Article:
Category Archives: Databases

Front Side Bus

In computer lingo, Front Side Bus, or FSB, is a bus that brings data from the Northbridge to the CPU and vice-versa. The speed with which the data is transferred depends on the ability of the specific hardware used.

FSB Usage and History

FSB is the alternative name for data and address buses in the CPU, defined by the datasheet produced by the manufacturer. This is associated with several CPU buses used on the motherboards, but seldom with data and buses used in the embedded systems.

The FSB serves like a connection between the CPU and the chipset. The Chipset is divided into the Northbridge and Southbridge, and serves as a connection point for the other buses within the system. Buses like the ACP and PCI connect to this chipset in order for data to stream within devices. The secondary buses are usually moved at speeds that are taken from a front side bus clock, but are not essentially synchronous.

Many manufacturers used to publish FSB’s speed in MT/s (megatransfers per second). This changed and they started to publish it in megahertz, mainly because the transfers can be executed in each cycle in clock frequency.

Advantages

The FSB has the advantage of high flexibility and low cost. There is no hypothetical limit to the numbers of CPUs that can be connected to the FSB, though its performance will certainly be impaired.

Disadvantages

Utilizing an FSB is a tradition that is slowly disappearing. This bus used to be a central connection for all the system devices and the CPU, but it has waned with the increased usage of point-to-point buses. The FSB has been recently criticized by AMD as a slow and old technology.

A slow Front Side Bus may be a hindrance and may cause a supposedly fast CPU to slow down. A CPU can actually perform individual instructions quickly, but if it cannot catch data and instructions as fast as it can execute them because of its connection to a slow FSB, the CPU speed is wasted. When this occurs, the CPU is required to wait one or more clock cycles before the memory is able to return its value. A fast CPU may also be delayed when it has to access other devices attached to the FSB.

Stored Procedure

A stored procedure refers to a collection of SQL commands that have been compiled and stored in the database server. SQL (Structured Query Language) is a language used to define and manipulate data from a database.

A stored procedure mainly serves client applications. Once the SQL commands making up the stored procedure have been saved, the client applications may utilize the stored procedure multiple times. The applications can do this without having to send the stored procedure back to the database server. Also, the applications do not have to compile the stored procedure again after each use.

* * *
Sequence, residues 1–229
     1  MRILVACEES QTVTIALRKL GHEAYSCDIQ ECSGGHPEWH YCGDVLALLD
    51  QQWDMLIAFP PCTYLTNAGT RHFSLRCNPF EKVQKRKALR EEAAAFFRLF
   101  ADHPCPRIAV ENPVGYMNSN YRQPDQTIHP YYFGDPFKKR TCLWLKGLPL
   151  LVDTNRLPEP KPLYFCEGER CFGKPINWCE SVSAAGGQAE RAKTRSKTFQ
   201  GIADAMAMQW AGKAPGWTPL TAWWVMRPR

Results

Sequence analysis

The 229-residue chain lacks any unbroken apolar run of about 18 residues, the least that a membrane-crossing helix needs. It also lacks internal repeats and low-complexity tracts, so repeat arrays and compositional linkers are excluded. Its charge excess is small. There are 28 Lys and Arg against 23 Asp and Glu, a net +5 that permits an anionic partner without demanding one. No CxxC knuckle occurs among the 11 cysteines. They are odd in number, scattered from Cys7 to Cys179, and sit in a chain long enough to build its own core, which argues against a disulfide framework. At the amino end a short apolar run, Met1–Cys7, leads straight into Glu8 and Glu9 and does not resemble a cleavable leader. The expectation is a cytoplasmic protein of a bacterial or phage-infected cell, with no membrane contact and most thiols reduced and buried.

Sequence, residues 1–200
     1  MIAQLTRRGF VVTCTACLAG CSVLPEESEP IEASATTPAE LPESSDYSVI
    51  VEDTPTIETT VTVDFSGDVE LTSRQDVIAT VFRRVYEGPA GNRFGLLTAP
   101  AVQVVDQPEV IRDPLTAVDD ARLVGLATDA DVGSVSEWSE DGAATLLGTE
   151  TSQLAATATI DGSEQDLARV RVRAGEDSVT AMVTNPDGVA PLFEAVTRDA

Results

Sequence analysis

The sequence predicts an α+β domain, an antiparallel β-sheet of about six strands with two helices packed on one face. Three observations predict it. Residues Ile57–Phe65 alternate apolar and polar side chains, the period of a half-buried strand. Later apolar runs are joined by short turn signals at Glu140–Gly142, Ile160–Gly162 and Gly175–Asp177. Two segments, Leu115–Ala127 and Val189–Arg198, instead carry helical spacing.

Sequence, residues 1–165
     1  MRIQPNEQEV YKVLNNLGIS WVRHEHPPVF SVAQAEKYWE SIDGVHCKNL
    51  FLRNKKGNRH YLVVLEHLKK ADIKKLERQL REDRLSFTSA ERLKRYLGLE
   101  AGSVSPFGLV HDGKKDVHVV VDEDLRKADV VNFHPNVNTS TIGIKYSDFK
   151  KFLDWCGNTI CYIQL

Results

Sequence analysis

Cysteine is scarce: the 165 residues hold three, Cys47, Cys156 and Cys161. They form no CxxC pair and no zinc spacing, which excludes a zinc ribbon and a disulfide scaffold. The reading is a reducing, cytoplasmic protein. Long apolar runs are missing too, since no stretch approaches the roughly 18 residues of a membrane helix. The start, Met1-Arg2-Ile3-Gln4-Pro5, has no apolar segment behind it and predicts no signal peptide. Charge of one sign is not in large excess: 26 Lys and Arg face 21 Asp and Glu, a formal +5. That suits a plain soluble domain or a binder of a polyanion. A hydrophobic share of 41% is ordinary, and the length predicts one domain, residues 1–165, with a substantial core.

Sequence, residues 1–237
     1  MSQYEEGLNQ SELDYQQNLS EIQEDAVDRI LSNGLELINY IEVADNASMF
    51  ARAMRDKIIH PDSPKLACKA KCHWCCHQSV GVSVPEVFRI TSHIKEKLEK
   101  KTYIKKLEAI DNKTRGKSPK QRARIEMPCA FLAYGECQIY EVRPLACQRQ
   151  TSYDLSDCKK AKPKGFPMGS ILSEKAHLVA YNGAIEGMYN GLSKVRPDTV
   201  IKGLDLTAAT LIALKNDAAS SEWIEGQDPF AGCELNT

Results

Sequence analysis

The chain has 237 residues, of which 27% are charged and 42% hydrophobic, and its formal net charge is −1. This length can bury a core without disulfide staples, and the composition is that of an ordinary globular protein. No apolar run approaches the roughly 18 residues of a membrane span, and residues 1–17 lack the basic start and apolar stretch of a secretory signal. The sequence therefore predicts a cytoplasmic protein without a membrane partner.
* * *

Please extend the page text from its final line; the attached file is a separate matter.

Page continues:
Stored procedures allow client programs to use variables in performing commands. These variables are then utilized and/or modified by stored procedures to give more exact results.

Several network processes make use of stored procedures. Work stations use stored procedures in validating data. Client applications use commands contained in stored procedures to make sure that the data they receive is accurate and correct. Client programs also use the commands in a stored procedure to set the degree of access being given to other devices in the network.

Stored procedures present a number of benefits to the network. Since client applications within work stations have to access the stored procedure only once, network traffic is lessened. This results to improved network flow and availability of resources. Stored procedures also contribute in minimizing the CPU load of client stations because it does not require much activity and processor resources within the work station. Stored procedures can be implemented in a number of programming languages such as Java, C, and C++.

Additional Reading on Stored Procedures

JDBC

JDBC stands for Java Database Connectivity. It is an Application Programming Interface (API) of JavaSoft. JDBC allows different types of Java-based applications to access database management systems.

JDBC consists of a collection of classes and interfaces that were written and developed in the Java programming language. Using the classes and interfaces included in JDBC, a programmer can create an application that connects to a database. Once an application has been connected to the database, the programmer can use the Structured Query Language or SQL to send queries to the database and process the results that will be produced by the said statements. JDBC also lets the programmer use SQL to insert, update, and delete data found in the database he is working on.

JDBC enables a programmer to create one application that can run on several platforms and interact with various database management systems. This is because Java programs run in most platforms and almost all relational database management systems support the Structured Query Language.

JDBC can be compared to Open Database Connectivity or ODBC because both are examples of APIs and are used to access database systems. However, JDBC is designed specially for Java programs. This is in contrast to ODBC, which is not dependent on a particular language.

To adhere to the standards of the Java programming language, the components of JDBC are consistent with the core classes and interfaces such as java.awt and java.lang. JDBC, however, requires that the database management system should have a JDBC driver.